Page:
Art therapy helps children battling cancer cope
For children battling cancer, trips to the hospital become part of their routine. However, a new program at Beacon Children's Hospital is allowing those kids to find a bright spot, thanks to a little creativity.
"For a lot of these kids, frequent hospitalizations, appointments, IVs, shots and all of that becomes the norm," said Sarah Tyler, an art therapist with the hospital. "Within those visits, they don't get a lot of choices or control. But art and art therapy give them control, and they can make their own choices entirely."
The art therapy program is for children diagnosed with cancer or who have gone through cancer treatment, and the program allows them to have a chance not to have to think about treatment or medication. In other words, just to be a kid.
Beacon decided to hold an art show to showcase the many creations by the patients.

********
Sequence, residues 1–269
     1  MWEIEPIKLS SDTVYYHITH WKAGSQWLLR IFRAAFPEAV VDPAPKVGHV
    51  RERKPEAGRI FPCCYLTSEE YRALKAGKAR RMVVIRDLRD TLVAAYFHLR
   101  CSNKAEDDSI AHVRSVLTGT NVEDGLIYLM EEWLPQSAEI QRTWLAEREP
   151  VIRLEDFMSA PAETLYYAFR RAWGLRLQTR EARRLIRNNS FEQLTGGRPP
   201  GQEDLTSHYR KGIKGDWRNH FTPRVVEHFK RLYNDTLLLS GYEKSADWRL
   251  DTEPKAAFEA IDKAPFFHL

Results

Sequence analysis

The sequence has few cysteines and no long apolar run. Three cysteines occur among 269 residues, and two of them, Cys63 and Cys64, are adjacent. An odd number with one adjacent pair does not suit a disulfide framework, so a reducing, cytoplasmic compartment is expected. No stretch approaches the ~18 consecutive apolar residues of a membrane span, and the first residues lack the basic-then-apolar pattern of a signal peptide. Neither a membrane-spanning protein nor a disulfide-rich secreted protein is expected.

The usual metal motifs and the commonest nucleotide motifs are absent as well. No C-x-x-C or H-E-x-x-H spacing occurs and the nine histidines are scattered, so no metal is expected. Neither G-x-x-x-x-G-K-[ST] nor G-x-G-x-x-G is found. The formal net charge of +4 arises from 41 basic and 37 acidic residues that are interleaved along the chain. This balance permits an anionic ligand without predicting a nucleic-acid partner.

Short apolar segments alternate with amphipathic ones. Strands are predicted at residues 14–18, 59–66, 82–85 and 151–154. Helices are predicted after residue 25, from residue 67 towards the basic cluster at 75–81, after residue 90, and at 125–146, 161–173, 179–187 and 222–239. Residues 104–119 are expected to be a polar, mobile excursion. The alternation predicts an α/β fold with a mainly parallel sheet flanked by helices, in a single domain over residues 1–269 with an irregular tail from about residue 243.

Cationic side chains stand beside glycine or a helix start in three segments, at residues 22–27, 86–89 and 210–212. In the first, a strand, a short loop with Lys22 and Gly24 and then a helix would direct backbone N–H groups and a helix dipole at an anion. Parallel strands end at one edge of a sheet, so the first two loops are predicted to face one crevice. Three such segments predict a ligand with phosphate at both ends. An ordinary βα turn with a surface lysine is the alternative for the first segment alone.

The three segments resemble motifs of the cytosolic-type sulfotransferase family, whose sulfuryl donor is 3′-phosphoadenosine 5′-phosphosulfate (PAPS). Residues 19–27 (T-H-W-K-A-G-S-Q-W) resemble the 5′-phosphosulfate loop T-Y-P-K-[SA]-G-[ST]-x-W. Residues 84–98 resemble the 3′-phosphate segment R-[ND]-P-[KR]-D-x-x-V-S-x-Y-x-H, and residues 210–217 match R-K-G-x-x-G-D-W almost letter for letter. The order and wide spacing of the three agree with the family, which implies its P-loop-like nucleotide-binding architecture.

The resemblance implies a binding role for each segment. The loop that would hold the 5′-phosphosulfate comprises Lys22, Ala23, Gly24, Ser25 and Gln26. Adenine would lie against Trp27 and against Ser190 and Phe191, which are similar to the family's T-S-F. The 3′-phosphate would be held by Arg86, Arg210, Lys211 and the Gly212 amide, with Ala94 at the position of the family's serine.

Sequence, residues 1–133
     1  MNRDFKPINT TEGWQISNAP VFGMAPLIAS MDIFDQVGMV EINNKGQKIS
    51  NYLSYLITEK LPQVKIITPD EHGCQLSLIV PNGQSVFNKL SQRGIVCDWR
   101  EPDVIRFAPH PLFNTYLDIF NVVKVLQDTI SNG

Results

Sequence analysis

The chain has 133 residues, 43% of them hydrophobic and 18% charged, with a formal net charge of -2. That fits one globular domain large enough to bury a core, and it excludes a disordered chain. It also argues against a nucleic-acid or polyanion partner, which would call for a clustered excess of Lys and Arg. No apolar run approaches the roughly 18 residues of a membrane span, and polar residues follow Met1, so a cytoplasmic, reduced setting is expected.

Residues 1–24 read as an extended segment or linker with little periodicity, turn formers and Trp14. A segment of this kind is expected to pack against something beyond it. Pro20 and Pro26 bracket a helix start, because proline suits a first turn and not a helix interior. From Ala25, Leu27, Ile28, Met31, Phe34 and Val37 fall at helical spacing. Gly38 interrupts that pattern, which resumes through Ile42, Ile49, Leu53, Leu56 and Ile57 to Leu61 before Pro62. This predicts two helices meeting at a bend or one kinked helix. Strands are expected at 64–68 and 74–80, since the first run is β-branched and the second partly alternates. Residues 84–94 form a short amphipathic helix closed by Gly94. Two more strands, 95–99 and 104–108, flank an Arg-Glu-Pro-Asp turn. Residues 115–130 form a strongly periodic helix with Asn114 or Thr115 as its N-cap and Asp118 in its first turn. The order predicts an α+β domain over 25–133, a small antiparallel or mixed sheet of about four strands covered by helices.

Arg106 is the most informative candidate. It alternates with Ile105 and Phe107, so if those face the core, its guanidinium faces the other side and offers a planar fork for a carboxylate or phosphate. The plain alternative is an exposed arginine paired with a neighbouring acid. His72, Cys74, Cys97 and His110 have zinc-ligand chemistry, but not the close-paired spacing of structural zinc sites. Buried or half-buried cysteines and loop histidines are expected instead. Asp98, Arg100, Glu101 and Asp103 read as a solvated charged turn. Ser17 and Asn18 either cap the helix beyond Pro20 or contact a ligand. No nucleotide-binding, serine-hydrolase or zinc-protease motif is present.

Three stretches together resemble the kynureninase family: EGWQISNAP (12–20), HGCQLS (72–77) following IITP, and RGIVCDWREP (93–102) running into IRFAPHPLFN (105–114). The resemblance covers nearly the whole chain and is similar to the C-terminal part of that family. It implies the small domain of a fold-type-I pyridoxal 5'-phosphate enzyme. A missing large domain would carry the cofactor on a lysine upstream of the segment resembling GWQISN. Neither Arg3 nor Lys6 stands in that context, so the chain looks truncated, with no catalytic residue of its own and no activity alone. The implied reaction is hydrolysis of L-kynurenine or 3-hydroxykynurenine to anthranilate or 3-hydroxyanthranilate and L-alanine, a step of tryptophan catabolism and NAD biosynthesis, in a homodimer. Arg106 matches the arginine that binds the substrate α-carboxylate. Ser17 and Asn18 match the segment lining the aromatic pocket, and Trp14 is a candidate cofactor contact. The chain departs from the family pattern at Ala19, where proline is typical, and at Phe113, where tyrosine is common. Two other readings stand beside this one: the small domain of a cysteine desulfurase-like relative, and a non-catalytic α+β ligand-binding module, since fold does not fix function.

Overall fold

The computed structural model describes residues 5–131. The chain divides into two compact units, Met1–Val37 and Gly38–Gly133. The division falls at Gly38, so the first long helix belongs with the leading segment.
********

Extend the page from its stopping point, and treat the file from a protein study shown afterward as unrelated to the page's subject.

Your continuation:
"I love how every single piece turns out unique, the way every person is unique," Tyler said.
One of the pieces shows the outline of someone's head and has dozens of words written inside.
"This particular patient stated how she spent 77 days in a row in the hospital, in addition to many other visits, and discussed how cancer has a way of interrupting your life and making it difficult to still feel like who you are," Tyler explained.
Art therapy is proven to help children both emotionally and physically. The program is entirely funded through generous donors and offers different mediums for patients to be creative.
For these remarkable patients and warriors, something as small as an afternoon of finger-painting can make a big difference.